Bloomsbury Girls by Natalie Jenner
Published by St. Martin's Press
Publication date: May 17, 2022
Genres: Fiction, Historical
Hello! Before I get into my thoughts on the book I need to preface them. If you’ve been reading this blog for a while (thank you!) you know at least two things about me. One, my disdain for books I deem too sweet or cozy. Two, I’m not quiet when it comes to my thoughts about women’s rights. These are not worlds that usually collide, but today I have a 5-star fabulous novel, Bloomsbury Girls, that is both cozy and feminist. What’s happening?!
It’s 1950 and England is still recovering from World War II. Women who stepped up and out in the workplace during the war are now expected go back to their homes and sit quietly. For the three women working at the venerable Bloomsbury Books, this is not practical. Grace can’t stop working. Her husband, older by 15 years, has returned from war in a querulous state of inertia that leaves him anchored to the couch, demanding peace and quiet—a difficult request with two young sons. Vivien is simply temperamentally unable to smother her ambition and opinions, meaning she has no patience for her boss—who started the same day she did but was promoted solely because he’s a man. His entitlement and unwillingness to change anything at all chafe.
The third of these women and the youngest, Eve is from the first class of women to graduate from Cambridge. Despite this achievement she’s mired in insecurities, having been a scholarship student and then having been passed over for a research position at the university. In her time at school her research unearthed information about the possible existence of a book she believes to be one-of-a-kind. A book that might be at Bloomsbury Books. Her rare book experience gets her hired as a cataloguer for the neglected, unorganized department.
The counterpoint to the women’s energy is the store’s manager, Mr. Dutton, a firm believer in rules—there are 51 he’s created for the store and they must be adhered to at all times. When he goes on leave due to ill health, Grace, Vivien, and Eve use his absence to put their own plans for Bloomsbury Books in play. Vivien is left to run the fiction department, which she does by immediately shelving dusty old tomes, creating a sales bin for Misogynists authors, and pulling forward all the female authors’ books. Grace uses her formidable book keeping skills and creative skills to freshen up the store in ways decidedly too feminine for the old guard. Only Eve, in her quest for the lost book is untouched by the changes, but she does begin to peer out of her shell to marvel at these women who seem unstoppable.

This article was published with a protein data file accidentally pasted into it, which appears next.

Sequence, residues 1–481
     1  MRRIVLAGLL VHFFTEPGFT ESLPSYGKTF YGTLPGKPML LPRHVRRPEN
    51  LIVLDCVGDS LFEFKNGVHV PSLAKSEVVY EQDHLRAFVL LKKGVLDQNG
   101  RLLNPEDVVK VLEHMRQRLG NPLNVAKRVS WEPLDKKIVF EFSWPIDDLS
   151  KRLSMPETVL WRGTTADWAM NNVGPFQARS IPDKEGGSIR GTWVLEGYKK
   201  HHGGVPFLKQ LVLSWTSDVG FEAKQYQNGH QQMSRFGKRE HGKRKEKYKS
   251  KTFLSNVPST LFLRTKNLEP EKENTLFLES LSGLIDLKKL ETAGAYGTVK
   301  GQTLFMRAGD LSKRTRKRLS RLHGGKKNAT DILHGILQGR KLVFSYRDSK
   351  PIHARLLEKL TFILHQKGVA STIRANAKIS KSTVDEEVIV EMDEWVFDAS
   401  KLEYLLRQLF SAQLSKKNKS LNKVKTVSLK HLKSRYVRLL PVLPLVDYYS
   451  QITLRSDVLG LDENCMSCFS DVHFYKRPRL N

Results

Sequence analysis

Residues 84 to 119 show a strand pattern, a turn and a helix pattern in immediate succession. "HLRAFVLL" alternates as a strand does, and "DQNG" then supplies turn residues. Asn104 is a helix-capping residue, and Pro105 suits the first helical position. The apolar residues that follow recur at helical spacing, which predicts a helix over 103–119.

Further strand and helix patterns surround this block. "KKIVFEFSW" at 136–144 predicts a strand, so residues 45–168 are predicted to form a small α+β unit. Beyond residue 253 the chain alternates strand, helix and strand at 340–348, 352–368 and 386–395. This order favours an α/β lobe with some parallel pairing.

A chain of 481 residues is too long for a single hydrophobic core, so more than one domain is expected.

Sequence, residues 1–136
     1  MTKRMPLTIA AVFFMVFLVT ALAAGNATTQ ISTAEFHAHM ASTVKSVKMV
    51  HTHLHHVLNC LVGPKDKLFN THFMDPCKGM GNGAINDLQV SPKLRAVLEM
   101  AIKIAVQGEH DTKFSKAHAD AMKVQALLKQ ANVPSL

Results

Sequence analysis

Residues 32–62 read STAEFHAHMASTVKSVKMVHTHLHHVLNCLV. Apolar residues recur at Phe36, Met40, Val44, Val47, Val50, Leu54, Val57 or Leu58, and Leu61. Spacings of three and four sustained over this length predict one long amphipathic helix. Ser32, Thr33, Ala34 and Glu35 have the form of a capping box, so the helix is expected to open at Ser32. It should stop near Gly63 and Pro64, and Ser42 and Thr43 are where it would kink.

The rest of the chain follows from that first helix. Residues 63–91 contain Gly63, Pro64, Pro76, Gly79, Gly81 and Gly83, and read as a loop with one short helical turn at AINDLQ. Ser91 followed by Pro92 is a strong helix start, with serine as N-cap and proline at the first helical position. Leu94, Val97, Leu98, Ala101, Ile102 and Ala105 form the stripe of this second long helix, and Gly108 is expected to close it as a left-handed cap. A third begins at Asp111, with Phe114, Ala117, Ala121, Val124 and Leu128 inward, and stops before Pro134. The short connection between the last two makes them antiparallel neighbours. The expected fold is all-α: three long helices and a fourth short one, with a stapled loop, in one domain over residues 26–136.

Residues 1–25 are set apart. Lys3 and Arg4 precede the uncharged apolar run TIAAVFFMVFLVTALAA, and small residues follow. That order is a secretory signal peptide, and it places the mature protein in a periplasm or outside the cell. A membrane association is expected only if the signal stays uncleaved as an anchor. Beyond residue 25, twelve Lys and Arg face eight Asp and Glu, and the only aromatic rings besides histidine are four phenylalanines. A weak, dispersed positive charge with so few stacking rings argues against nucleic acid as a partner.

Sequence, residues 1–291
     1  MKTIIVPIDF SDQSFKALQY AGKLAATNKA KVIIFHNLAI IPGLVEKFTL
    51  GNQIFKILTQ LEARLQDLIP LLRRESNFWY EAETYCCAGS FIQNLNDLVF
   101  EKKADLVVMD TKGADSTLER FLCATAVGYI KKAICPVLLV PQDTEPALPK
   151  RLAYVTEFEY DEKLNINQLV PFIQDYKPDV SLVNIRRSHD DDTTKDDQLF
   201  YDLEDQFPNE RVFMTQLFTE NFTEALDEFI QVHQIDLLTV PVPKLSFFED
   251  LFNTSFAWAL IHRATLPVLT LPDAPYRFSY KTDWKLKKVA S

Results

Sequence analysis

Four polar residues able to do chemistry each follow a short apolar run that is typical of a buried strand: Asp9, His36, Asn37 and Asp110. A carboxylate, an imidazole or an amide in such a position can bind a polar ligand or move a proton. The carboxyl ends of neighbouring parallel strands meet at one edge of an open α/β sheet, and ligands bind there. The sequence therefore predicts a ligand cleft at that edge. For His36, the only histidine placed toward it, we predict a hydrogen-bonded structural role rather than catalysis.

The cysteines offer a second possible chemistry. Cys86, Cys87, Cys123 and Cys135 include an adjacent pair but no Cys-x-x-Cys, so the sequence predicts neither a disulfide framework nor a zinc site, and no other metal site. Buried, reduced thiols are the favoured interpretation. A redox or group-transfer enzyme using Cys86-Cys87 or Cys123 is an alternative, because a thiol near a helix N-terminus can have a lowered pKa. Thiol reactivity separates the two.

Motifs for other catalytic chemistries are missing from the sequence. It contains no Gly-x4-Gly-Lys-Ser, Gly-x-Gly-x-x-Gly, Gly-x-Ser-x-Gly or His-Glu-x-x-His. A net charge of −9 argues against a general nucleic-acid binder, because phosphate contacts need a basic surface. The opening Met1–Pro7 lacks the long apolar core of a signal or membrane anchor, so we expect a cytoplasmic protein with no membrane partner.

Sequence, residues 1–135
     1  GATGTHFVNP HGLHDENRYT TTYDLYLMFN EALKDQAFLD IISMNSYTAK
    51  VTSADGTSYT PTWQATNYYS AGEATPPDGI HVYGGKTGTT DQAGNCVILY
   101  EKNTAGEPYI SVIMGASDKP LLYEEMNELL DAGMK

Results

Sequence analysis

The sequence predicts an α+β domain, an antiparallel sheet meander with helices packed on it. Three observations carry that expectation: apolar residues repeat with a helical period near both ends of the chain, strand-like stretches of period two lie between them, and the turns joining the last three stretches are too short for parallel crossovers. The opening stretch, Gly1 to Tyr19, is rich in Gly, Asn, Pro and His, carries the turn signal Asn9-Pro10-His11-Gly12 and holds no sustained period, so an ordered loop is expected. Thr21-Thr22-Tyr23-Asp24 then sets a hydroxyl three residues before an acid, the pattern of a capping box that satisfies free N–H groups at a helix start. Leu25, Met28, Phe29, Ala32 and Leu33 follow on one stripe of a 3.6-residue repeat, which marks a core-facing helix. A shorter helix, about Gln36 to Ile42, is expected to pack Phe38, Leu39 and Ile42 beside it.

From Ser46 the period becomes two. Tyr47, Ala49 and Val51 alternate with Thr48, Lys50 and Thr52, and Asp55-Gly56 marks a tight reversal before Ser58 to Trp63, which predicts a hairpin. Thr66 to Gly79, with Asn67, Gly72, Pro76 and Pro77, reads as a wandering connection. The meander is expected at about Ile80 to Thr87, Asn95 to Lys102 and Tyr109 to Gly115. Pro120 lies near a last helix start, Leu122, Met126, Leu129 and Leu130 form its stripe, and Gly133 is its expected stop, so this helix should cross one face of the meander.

Of course, they aren’t and there must be obstacles in Bloomsbury Girls. Author Natalie Jenner plays the shedding of the old in the store off against the women’s personal lives. Grace’s marriage has gone from stagnant to toxic, but the thought of starting a new life with two small children seems impossible. Vivien’s creativity has been unleashed and the innovations she brings to the store create new opportunities for her. And even the quiet Evie who seldom ventures down from her department on the third floor is beginning to overcome her feelings of inferiority and reaching out to other members of the staff.
This is the birds’ eye view of Bloomsbury Girls and I could go on for pages until there was nothing left to know about the novel, but the joy is in the reading. After a war when England burned Jenner captures both the weariness left over, but more importantly the spirit of people ready to rebuild better. To this end she makes notable women of the times, like Daphne Du Maurier, Peggy Guggenheim, and Ellen Doubleday, an integral part of the novel. They impart an infectious energy even as Grace, Vivien, and Evie continue to meet roadblocks from an establishment that abhors change.
Bloomsbury Girls is not complicated reading and while I appreciate complexity in my fiction there are times when tidy is necessary for the agitated brain. Do all of the pieces in the novel align a squidge too neatly? Yes, but Jenner does it in a way that feels organic, not manipulative. There is no clear path to a positive outcome for any of the women, but Bloomsbury Girls made me feel energized and hopeful—not things I’ve felt lately when considering women in society these days. I’ll happy take it!
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*I received a free copy of this book from St. Martin’s Press in exchange for an honest review.*